I will say, though, that he repeated a myth that sadly still lives on: He said Michael Jordan was cut from his high school team. Having lived and worked in Wilmington, N.C., Jordan’s hometown, I know this story is 100 percent false. As explained to me by Chuck Carree, who covered Jordan in high school for the Wilmington Star-News, what happened was that the varsity coach at Laney High school, Fred Lynch, told Jordan he wouldn’t play much on varsity that year. So at tryouts, he suggested Jordan play JV, which is what Michael did.

This story has been mis-told so often, even Jordan and Lynch tell it like the cut story is the truth. But it ain’t so.

**So there were two phenomenal stories I heard this week on the brilliant NPR quiz show Wait Wait, Don’t Tell Me (a weekly must-listen for my wife and I; Charlie Pierce and Adam Felber just kill me).

First, apparently some enterprising researchers in Japan did a study of 3,000 people and discovered that those who ate a good breakfast when they were teenagers lost their virginity 1 1/2 years later than those who didn’t.

I’m a little baffled by this story, as it leaves me with many questions, the foremost being: Was my daily bowl of Cinnamon Toast Crunch the reason Kristen Eck never gave me a date? Could I have been gettin’ some all through high school if only I’d have been hungry until lunch? And what are those kids who don’t eat oatmeal or toast doing for those 15 minutes in the morning?

— The other story from Wait Wait that I loved was that of the administrators of Thorpe Park in Surrey, England, declaring that roller-coaster riders will no longer be permitted to throw their arms in the air during the ride when its hot out. Why? Apparently the stench of B.O. has been annoying other park-goers.

God, there are so many jokes to be made here. Like, I would expect this would happen in France, but England? And, given that we’re talking about a roller coaster here, this sure gives new meaning to the term “the smell of fear.”

**OK, so, Mark Harmon. My wife is a wonderful woman, but from time to time she gets temporarily obsessed with things. Like two years ago, she was constantly wanting orange soda, all the time, for like three weeks.

Currently, my beloved is spending every waking moment watching reruns of the CBS show “NCIS.” I have no earthly idea why; it doesn’t seem to be a particularly interesting or creative show, the acting from what I could tell is dreadful, and well, it’s been on forever and she’s never cared before.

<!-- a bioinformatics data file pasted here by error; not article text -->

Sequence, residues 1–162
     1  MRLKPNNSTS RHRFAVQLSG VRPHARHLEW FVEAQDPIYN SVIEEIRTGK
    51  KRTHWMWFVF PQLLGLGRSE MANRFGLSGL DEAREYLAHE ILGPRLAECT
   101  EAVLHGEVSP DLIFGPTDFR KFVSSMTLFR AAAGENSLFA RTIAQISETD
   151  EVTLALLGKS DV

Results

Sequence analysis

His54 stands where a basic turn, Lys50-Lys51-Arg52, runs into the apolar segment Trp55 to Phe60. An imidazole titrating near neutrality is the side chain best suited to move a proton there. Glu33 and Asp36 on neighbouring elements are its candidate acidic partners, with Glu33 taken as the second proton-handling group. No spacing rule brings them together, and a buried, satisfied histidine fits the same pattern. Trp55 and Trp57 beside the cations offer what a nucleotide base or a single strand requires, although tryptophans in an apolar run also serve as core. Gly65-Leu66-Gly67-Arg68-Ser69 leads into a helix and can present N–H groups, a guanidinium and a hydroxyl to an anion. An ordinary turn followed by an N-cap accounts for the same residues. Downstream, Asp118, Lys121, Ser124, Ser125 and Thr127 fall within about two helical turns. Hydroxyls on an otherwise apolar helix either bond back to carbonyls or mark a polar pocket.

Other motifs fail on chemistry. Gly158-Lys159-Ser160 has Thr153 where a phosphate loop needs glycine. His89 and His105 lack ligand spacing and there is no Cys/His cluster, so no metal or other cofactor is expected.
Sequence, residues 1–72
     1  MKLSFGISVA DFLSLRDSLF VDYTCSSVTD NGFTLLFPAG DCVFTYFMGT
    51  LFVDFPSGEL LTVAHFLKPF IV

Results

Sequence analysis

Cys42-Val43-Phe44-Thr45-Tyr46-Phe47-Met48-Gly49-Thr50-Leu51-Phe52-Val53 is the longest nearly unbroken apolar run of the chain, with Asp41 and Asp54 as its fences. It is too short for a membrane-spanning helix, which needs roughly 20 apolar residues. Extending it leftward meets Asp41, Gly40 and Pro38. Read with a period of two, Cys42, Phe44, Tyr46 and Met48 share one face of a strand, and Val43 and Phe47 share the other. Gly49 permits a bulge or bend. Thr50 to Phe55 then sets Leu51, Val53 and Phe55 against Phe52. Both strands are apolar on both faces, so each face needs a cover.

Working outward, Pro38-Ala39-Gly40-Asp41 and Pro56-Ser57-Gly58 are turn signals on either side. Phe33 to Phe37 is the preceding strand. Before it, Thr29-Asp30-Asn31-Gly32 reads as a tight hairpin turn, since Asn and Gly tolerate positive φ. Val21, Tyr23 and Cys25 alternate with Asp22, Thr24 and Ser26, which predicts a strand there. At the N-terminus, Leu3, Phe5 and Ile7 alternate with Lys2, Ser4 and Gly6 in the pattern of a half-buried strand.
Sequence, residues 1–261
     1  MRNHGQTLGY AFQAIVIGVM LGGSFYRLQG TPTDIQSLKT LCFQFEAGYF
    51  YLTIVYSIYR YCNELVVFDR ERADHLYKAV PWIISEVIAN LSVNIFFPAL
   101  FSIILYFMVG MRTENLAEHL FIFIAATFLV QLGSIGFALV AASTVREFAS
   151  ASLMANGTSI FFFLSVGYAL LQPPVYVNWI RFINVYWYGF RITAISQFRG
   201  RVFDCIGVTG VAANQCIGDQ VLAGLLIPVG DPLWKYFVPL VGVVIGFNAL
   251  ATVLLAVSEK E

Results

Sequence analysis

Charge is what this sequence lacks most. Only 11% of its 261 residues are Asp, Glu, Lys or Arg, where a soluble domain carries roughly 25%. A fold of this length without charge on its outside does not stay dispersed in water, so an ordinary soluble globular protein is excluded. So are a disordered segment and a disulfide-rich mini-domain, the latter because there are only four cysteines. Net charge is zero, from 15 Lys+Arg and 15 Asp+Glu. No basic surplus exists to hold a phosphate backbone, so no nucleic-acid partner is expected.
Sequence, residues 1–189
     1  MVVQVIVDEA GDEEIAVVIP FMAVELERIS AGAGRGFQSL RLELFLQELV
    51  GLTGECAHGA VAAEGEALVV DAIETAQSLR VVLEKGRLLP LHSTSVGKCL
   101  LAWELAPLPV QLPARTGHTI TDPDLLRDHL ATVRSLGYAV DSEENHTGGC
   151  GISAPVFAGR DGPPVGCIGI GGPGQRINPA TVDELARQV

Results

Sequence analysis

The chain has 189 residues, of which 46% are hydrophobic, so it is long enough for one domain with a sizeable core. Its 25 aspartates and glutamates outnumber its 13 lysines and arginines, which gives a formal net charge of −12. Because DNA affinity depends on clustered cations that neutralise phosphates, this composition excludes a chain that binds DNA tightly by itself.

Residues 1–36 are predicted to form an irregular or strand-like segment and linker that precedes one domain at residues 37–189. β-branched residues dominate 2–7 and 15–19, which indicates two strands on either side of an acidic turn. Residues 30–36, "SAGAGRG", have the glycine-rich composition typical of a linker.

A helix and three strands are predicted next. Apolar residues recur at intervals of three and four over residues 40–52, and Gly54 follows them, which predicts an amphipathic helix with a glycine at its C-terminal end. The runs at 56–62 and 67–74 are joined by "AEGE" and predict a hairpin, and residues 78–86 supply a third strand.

I do know she thinks Mark Harmon is kind of hunky, so maybe that’s it. But seriously, she’s watching like three episodes a day. I’ll start to worry if a DVD of “Stealing Home” arrives in our mailbox.

**OK, so I’ve been watching several hours a day of the U.S. Open (here’s my new blog about Melanie Oudin’s exit Wednesday) and I just can’t take it anymore. I have to vent about this Chase commercial that they show every six seconds.

Here’s the premise: Guy and a girl are out on a date, and they go to a restaurant. Woman asks if guy has ever been here before, and he says “no.”  Then he notices on the menu that it says “cash only.” So while the woman is reading the menu and talking about every item on it out loud, our guy gets up, leaves the table, leaves the restaurant, dashes across the street to a Chase ATM, gets money out, then dashes BACK across the street, back into the restaurant and sits back down.

The whole time, the woman hasn’t noticed he’s left; when she finally asks him what he wants, he’s just sat back down and says “the halibut.”

So this is what I’m thinking: Why would a guy want to go out with a woman who is so bubble-headed and full of herself that she doesn’t even notice that you’ve LEFT THE TABLE? Wouldn’t that be a sign that maybe this chick is a little self-absorbed, that she’s just reading the menu and talking to you while you’re not even there?

If I’m Chase commercial guy, I’m dumping this girl and finding someone else.